They serve soup and sandwiches at the mission for at least 200 street people. To satisfy their large clientele, Trish and another girl make at least 20 gallons of soup and turn 20 to 30 loaves of bread into sandwiches every time they go to the Light House Mission. Most food donations come from St. Charles Parish, which group members say has been "extremely supportive."
The FROG Squad is also active within the parish, providing music at the Saturday 4:30 p.m. and Sunday 10:30 a.m. Masses every second week. Members are also active as Eucharistic ministers, readers, lectors, bread breakers and other ministries.
In September the group reintroduced itself to the parish "just to let them know that we never left, that we are still here and still active," said Trish, a 24-year-old teacher who now stays home to take care of her two-month-old baby, Max.
"We want to show everybody that going to World Youth Day was more than just a trip. It was a pilgrimage and a spiritual journey and that's why we changed our name when we came back.
"We take the pope's call to us to be a light to the world very seriously."
- Cory Roffey
"We call ourselves the FROG Squad because we fully rely on God in everything we do and we are a service ministry group now, which means that everything we do is God's work through service."
During the Toronto youth festival the pope said, "Go out and serve others," Trish recalled. "That was one of his big messages and so we really took that to heart and decided to use our group and our talents to serve our parish and our community in as many ways as possible."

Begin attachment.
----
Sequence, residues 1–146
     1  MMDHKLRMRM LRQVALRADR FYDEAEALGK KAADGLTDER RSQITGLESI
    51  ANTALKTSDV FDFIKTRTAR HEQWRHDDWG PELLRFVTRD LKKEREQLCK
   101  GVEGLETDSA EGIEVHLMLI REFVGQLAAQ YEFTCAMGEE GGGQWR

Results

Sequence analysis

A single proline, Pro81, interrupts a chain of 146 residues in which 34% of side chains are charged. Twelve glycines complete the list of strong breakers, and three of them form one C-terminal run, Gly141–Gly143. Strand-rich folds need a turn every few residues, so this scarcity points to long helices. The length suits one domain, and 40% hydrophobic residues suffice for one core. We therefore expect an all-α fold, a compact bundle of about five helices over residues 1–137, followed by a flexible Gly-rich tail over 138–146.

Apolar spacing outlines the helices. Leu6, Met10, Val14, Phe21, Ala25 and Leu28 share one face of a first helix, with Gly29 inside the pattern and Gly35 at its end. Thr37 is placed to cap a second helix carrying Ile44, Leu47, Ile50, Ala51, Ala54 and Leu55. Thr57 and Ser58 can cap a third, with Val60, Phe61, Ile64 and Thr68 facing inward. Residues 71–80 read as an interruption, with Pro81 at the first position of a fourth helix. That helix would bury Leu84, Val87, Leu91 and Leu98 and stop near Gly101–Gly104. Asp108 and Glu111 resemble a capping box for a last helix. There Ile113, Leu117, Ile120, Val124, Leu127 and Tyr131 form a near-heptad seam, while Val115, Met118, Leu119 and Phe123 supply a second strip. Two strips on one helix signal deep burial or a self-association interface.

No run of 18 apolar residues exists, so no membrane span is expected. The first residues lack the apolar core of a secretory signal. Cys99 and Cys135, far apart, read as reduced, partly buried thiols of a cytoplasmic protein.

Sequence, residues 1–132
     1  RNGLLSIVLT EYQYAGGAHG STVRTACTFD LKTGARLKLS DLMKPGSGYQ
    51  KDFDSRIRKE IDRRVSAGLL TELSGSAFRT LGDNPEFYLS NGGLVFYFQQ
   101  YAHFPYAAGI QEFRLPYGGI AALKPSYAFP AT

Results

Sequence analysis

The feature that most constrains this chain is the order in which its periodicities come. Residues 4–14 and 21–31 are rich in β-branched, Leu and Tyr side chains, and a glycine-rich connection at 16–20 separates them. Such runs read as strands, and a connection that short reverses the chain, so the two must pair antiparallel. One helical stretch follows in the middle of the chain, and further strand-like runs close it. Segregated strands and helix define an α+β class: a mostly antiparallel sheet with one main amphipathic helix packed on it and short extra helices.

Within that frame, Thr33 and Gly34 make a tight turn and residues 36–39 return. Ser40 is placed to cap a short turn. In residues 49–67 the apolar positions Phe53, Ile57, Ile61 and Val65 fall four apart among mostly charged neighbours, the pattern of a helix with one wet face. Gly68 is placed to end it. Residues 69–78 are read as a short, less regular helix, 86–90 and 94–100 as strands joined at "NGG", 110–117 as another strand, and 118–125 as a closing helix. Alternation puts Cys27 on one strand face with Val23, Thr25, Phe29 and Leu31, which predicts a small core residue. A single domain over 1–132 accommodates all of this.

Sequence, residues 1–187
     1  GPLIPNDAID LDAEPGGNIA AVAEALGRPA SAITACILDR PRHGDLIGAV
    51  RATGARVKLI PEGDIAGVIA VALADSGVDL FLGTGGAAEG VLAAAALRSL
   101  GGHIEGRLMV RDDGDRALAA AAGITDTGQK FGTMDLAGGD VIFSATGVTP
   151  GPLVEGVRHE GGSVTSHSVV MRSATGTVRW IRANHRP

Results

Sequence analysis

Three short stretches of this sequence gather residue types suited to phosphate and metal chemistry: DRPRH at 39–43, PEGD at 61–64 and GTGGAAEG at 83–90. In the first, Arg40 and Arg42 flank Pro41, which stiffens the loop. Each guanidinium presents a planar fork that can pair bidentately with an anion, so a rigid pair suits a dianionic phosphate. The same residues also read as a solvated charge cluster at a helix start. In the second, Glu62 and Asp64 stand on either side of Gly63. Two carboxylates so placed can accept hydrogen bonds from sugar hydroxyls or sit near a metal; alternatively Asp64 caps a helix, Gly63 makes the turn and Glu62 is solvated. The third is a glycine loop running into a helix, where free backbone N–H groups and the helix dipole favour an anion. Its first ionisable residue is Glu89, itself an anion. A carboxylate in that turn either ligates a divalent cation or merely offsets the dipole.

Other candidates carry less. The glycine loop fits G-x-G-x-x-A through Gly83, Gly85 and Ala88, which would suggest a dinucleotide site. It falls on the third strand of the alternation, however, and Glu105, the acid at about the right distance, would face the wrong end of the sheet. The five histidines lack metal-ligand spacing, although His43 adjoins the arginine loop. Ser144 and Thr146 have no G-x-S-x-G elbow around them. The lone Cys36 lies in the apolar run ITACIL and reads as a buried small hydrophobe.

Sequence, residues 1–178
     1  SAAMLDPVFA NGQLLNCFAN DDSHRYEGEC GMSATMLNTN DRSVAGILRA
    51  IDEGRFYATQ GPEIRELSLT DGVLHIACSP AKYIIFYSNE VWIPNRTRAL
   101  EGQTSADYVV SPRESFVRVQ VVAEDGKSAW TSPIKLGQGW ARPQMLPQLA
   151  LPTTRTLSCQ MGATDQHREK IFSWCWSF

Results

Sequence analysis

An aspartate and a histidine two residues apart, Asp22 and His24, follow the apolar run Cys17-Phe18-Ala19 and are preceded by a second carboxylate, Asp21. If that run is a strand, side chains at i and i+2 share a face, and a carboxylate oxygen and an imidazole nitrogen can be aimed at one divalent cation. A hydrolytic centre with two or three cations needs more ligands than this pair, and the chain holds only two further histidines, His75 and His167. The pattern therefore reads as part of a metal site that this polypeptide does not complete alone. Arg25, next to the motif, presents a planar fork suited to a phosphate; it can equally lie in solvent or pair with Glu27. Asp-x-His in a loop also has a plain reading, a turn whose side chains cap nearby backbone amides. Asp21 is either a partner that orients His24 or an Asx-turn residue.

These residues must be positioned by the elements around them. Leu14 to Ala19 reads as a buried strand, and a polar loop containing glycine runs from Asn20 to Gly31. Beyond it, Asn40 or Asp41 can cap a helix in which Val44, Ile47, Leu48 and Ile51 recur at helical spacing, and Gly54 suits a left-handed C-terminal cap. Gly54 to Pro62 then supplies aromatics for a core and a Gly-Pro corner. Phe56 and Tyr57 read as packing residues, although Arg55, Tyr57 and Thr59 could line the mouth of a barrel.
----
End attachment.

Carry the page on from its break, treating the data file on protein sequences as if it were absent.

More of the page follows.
"We take the pope's call to us to be a light to the world very seriously," said Cory, 25. "In his homily at the Mass on Sunday (during World Youth Day) the pope had said to us, 'You are our hope, our young people are our hope.' And that was the one statement that really stuck with us. I think that's what really drives us and that's what really inspired us, that this one man put so much faith in us to carry on the mission of Christ and to be the light of Christ."
DeSilva said what really stuck with him was the pope's call to young people to take the Holy Spirit back to the four corners of the earth and share it. "That personally connected with me, being able to spread the Holy Spirit like wildfire."
The group recently began fundraising for WYD 2005 in Germany but has decided that anything they do for fundraising must be an act of service. This Christmas, for example, they will run a Christmas camp in the parish, a service for parents who need day care. The group also launched a Hire-a-Pilgrim campaign, a service where the community can hire members of the group to do odds and ends around the house.
"We paint fences and we wash windows and mow lawns, we do all kinds of things and people give us donations," explained Trish. "So we just try to do everything we do as an act of service and love." The group estimates it needs approximately $30,000 to get its 15 members to Germany.
St. Charles Parish is fully behind the FROG Squad, said pastoral associate Denise Mageau.
"I think (having) this group is great because it gives an opportunity for the young people in our parish to get involved and helping out, you know, being Christ-like to others," she said. "We are very happy with them and we support them because they are fantastic."